Wednesday, August 24, 2011

Awareness - Intent versus ability

Readers of this blog will know that I believe awareness is the single most important part of self defense.

Now, I exist is a slightly more vigilant state than most.  It's not quite paranoia, but I am always scanning my surroundings, scanning for potential threats. Military people, police and security can often be identified just by the way they scan any new bar, restaurant, store, subway car etc, that they are entering.  I am guilty of this.  My buddy called me on this not long ago when we were out at a pub.  He got a kick out of observing me observe others.  He wanted to know what I was looking for.  He understood about exit points, potential weapons and that sort of thing, but wanted to know what I looked for when I scanned people.

That part is a bit trickier.  In the example above, there were several dozen people in a fairly small pub.  It wasn't too crowded but there weren't many empty tables.

So how does someone scan 30 people in a few seconds?  I have, after all, walked out of an establishment based on a five second scan.

There are two things I try to hone in on. One is the overall energy in the place. No matter what you want to call it, if the place has a bad vibe or bad energy, I'll go somewhere else.  I think most people have walked into a place and felt bad energy.  Something about the place just didn't feel right.  I say trust this. Unless you have to be there, leave.  Trust you gut.  Call it your sixth sense if you want.

The second thing I look for is intent.  I scan each person briefly to try to judge their intent.  I can't guess at any one person's ability, so the only sense I can get from a quick look is intent.

If I'm scanning a room, my mind and my eye easily 'rule out' most people as a threat in an instant.  It's those individuals that give off bad energy or intent that I take a second look at.  I could walk into a bar filled with martial arts masters of the highest calibre and would most likely rule them all out as potential threats in a heartbeat, providing they were there with good intentions.  That's the difference between intent and ability.  The masters would have the ability to be a threat were they so inclined, but if they don't have bad intentions, I would skip right past them on my 'threat-o-meter'.

I can usually tell the few people who are in an establishment with bad intentions.  The ones whose energies aren't focused on the positive around them, be it food, company or entertainment.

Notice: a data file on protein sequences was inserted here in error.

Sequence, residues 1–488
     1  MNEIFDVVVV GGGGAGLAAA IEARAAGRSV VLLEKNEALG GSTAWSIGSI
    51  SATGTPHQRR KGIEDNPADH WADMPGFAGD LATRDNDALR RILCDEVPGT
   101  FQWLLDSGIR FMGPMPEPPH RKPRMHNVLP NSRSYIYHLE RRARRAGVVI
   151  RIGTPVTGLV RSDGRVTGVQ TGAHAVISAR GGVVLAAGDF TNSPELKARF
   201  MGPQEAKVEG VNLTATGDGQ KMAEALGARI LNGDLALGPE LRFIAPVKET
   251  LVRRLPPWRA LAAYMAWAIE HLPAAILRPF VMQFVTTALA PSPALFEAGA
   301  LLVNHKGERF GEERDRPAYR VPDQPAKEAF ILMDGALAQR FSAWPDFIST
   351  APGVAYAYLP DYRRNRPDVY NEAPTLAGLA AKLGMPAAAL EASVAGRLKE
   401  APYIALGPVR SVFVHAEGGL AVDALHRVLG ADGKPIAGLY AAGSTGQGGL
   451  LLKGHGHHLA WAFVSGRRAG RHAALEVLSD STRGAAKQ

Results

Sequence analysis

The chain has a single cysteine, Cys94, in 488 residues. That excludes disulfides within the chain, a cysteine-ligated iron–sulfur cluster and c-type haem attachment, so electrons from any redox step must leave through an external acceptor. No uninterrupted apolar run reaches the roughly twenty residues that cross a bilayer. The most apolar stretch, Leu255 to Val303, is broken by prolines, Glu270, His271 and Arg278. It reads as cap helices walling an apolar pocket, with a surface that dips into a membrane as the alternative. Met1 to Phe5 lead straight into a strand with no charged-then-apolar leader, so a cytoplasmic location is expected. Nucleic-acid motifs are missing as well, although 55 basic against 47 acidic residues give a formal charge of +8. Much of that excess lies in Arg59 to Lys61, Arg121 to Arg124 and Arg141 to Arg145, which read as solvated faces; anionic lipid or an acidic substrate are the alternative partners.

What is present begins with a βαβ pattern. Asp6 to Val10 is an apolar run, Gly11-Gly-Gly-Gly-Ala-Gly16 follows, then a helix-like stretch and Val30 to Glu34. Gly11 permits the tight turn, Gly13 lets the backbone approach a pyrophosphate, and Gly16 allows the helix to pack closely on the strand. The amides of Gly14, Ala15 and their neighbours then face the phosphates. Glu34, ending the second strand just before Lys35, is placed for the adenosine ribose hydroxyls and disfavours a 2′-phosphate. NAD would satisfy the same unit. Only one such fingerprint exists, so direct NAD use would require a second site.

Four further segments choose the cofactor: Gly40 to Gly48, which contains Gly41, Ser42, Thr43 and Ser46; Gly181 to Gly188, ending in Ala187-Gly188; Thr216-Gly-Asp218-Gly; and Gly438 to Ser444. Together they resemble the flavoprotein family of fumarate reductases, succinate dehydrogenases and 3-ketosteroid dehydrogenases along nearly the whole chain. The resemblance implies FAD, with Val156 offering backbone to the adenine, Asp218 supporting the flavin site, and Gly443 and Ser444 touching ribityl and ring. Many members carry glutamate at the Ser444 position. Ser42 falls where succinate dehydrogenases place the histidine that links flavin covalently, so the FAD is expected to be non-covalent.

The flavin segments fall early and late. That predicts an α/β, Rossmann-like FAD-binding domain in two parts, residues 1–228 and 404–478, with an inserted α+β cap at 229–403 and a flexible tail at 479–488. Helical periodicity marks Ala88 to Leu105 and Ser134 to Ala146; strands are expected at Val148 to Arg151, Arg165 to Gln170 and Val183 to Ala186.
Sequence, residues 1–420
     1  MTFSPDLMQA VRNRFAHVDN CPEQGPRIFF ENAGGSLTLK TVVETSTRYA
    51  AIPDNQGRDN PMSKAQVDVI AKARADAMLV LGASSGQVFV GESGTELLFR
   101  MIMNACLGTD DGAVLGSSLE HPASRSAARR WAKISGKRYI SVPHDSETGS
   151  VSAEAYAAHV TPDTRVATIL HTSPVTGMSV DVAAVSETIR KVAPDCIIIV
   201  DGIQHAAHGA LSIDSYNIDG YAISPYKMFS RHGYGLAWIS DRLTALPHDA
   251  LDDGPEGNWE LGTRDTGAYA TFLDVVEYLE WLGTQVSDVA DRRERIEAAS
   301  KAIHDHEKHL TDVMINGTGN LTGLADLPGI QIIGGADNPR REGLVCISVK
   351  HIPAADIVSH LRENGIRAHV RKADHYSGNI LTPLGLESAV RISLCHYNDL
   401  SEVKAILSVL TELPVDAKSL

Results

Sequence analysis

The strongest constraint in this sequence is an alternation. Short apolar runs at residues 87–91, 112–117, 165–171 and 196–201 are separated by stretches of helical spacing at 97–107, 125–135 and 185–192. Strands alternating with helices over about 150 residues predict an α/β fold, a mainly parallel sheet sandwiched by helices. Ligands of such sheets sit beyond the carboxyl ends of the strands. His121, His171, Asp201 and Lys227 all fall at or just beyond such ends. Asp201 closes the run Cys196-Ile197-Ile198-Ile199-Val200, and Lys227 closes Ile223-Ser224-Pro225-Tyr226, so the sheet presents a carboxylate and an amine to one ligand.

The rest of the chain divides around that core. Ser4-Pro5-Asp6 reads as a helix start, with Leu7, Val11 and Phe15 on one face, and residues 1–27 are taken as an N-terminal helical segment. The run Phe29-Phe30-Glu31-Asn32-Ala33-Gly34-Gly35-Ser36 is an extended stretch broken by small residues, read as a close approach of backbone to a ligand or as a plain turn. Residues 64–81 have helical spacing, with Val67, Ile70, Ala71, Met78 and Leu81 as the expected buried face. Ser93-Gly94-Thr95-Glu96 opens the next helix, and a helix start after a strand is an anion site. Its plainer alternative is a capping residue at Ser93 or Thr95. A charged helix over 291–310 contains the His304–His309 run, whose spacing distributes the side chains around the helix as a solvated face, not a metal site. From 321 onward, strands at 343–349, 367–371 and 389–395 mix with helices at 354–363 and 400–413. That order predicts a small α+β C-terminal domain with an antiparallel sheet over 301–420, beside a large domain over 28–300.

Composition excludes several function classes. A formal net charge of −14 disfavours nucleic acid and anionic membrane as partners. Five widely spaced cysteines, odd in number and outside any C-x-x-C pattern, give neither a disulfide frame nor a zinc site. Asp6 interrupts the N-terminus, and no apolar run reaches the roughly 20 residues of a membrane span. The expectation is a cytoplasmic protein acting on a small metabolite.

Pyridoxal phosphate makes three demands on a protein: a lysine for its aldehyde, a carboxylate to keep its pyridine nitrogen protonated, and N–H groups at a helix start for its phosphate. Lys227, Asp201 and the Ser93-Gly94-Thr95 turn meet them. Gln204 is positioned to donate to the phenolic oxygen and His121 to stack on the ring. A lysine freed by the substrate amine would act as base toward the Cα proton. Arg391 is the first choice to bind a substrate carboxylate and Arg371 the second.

I might 'flag' a guy standing at a bar.  I might think that he might be threat.  If I had to drill down and explain why, it might be that every time someone walks by, they tense a little bit and stand a bit further back possibly hoping someone will accidentally bump into them.  It might be that they are giving mini 'stare-downs' at those around them.  Or they might fixate on someone not known to them or inappropriately stare at someone's girlfriend or partner.  They might make rude comments to be overheard by others.  They might deliberately stand in someone's way, making the other person ask them to move.  Their eyes may be cloudy or the pupils might be large, a possible indication of an intoxicating substance.  They might clearly be drunk, and loud etc.  There are dozens of little things, that when combined, get my hackles up.  And while clothing and appearance play a role, they are far less reliable indicators than actions and attitude.

It is actually harder to break down all the different things that combine to give you a good or bad feeling about someone than it is to make the overall assessment.

With the exception of certain professions, it isn't even necessary to break it all down to explain it.  Your brain processes all this stuff for you.  The neat part is that it's a skill that can be used and improved by anyone in any walk of life. It can even be fun. Make a game of scanning the room wherever you go. Look for bad energy or intent.  What's the worst that can happen? Nothing.  The best?  Maybe you avoid being present for an unpleasant situation, whether or not the bad intentions ever get aimed at you.

And remember, predators watch for victims that aren't paying attention.  If they see you paying attention, they'll move on to easier prey.

Be safe.  Have fun.

Friday, August 12, 2011

The Nature of Violence - Bad Habits

This is really one small part of a larger area of concern for me, one that I hope to flesh out in upcoming posts.